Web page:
Number ten’s been knocked for “disappearing” on the pitch from time to time, and he pulled another disappearing act in the last set of American friendlies. He’s actually been pretty pedestrian in the US shirt since his great displays in South Africa last summer, and he was mercifully rested due to illness this Saturday.

I read all that as follows: Donovan’s legs are rested, he’s motivated by recent international form, and there’s nothing he enjoys more than dominating our fair federation (especially Mexico). Look for the Canada match in Detroit to get Landon on track for the rest of the CONCACAF Gold Cup.

Prediction: USA 3 – 0 Canada

Canada is good enough to draw the US. Hell, they’re good enough to beat Bobbo’s boys on a given day. But sometimes you get a feeling, and now is one of those times. This isn’t the fanboy in me leaking through, nor is it a well thought out expectation of American dominance. This is a gut feeling so strong that I’m not going to temper it with even a little intelligent conservatism. I know 3-1 would be a fine score line, but I think Timmy and his droogs are pitching a shutout at one end while Lando, Deuce, and even Jozy get theirs 100 yards away. Here’s hoping I’m a prophet.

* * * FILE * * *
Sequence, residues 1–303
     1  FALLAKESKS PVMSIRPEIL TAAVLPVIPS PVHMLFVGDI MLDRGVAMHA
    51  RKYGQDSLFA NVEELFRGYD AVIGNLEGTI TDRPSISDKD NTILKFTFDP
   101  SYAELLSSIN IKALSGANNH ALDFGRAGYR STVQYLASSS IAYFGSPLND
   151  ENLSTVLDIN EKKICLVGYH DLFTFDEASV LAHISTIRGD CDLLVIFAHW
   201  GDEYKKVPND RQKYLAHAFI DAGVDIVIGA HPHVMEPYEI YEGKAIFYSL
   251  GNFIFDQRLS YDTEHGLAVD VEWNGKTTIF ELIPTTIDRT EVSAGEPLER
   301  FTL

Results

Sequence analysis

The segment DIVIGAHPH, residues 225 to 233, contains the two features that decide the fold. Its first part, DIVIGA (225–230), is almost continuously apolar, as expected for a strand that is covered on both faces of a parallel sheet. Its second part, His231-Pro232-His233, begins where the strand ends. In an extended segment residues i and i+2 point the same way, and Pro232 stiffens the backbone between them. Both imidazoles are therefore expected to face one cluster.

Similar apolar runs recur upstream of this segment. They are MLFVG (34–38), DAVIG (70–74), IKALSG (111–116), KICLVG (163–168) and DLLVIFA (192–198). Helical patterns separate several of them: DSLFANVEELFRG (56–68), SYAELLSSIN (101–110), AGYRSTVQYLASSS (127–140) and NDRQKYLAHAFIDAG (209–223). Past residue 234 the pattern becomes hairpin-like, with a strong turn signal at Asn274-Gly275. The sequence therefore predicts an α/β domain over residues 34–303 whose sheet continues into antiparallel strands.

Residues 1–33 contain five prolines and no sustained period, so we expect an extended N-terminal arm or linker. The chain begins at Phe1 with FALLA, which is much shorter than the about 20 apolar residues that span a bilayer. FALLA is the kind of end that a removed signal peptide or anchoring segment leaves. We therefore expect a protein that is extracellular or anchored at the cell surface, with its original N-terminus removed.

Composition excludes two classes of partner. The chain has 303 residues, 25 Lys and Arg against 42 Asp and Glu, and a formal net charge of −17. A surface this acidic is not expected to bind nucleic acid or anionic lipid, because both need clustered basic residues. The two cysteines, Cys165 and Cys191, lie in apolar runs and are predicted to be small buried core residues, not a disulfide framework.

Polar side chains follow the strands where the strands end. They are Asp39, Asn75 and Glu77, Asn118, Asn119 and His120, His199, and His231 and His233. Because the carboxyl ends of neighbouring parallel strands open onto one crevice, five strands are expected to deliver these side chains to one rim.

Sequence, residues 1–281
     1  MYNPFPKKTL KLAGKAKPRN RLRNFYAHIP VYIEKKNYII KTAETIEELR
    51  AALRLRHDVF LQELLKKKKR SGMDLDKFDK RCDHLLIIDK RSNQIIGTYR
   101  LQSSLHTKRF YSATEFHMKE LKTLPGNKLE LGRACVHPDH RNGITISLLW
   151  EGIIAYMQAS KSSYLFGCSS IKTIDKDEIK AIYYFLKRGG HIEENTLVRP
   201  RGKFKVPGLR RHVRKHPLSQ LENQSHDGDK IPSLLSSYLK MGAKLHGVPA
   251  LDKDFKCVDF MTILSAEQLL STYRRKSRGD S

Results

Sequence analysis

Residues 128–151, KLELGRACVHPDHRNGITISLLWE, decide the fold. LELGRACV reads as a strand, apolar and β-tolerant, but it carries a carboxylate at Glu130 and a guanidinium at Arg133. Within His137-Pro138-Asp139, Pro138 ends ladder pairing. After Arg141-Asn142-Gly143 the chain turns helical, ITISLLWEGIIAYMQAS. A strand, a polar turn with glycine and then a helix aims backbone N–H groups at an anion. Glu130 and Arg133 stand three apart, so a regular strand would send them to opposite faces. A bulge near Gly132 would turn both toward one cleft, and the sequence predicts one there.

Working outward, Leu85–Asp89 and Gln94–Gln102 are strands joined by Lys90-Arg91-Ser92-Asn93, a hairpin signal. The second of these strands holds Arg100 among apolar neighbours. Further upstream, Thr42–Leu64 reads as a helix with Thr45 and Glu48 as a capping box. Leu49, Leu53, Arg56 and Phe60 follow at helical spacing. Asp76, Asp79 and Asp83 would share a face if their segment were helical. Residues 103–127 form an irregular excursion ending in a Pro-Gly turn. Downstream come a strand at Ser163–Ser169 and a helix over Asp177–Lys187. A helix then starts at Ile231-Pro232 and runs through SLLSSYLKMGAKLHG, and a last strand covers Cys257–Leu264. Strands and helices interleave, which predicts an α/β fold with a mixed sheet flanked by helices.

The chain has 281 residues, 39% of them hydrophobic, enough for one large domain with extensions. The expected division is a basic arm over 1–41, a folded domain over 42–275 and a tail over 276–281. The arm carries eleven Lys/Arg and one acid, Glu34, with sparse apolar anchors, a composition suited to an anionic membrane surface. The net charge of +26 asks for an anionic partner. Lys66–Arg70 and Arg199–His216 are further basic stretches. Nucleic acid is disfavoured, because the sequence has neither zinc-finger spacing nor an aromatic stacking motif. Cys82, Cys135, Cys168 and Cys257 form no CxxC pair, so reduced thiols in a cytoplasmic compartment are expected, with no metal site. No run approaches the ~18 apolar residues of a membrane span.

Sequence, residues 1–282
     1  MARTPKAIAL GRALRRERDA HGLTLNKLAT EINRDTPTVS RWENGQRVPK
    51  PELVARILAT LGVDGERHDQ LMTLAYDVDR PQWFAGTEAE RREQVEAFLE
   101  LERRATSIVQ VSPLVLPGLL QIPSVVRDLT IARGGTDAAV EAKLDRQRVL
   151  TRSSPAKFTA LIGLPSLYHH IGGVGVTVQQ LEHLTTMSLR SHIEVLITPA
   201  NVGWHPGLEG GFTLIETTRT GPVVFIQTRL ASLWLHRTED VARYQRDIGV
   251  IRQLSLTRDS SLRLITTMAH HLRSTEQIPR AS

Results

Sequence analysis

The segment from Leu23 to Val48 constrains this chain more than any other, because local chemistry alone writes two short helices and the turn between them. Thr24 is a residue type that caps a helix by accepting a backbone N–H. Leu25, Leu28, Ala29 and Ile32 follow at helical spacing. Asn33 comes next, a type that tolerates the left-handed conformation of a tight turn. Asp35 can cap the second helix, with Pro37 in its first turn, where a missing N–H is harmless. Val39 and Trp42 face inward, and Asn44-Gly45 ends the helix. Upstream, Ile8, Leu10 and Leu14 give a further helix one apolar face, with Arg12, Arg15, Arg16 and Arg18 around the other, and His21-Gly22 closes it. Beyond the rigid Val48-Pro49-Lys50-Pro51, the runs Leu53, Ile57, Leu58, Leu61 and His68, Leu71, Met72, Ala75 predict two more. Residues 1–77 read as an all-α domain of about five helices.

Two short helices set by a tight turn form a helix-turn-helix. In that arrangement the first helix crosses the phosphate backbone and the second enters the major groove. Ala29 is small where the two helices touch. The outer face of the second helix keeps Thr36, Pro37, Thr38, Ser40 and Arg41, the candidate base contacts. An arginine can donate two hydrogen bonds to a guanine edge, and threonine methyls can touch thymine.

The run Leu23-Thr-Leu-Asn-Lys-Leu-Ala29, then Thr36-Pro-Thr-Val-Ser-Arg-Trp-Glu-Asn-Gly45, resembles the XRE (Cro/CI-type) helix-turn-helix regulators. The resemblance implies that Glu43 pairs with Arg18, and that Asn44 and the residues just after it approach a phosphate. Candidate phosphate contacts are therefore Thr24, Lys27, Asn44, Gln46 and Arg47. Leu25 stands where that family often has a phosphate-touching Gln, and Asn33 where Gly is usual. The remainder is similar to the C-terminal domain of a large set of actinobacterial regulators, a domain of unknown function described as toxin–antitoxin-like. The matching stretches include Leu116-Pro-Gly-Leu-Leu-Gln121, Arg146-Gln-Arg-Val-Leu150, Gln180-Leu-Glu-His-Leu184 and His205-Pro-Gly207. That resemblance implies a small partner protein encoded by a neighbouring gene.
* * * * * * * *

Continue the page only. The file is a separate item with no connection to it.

Enjoy the match, and Go USA!

Jon Levy is Co-Founder and Associate Editor of The Yanks Are Coming. He can be reached at jon.f.levy@gmail.com and you can and should follow him on Twitter, tonight and every night, at @TYAC_Jon.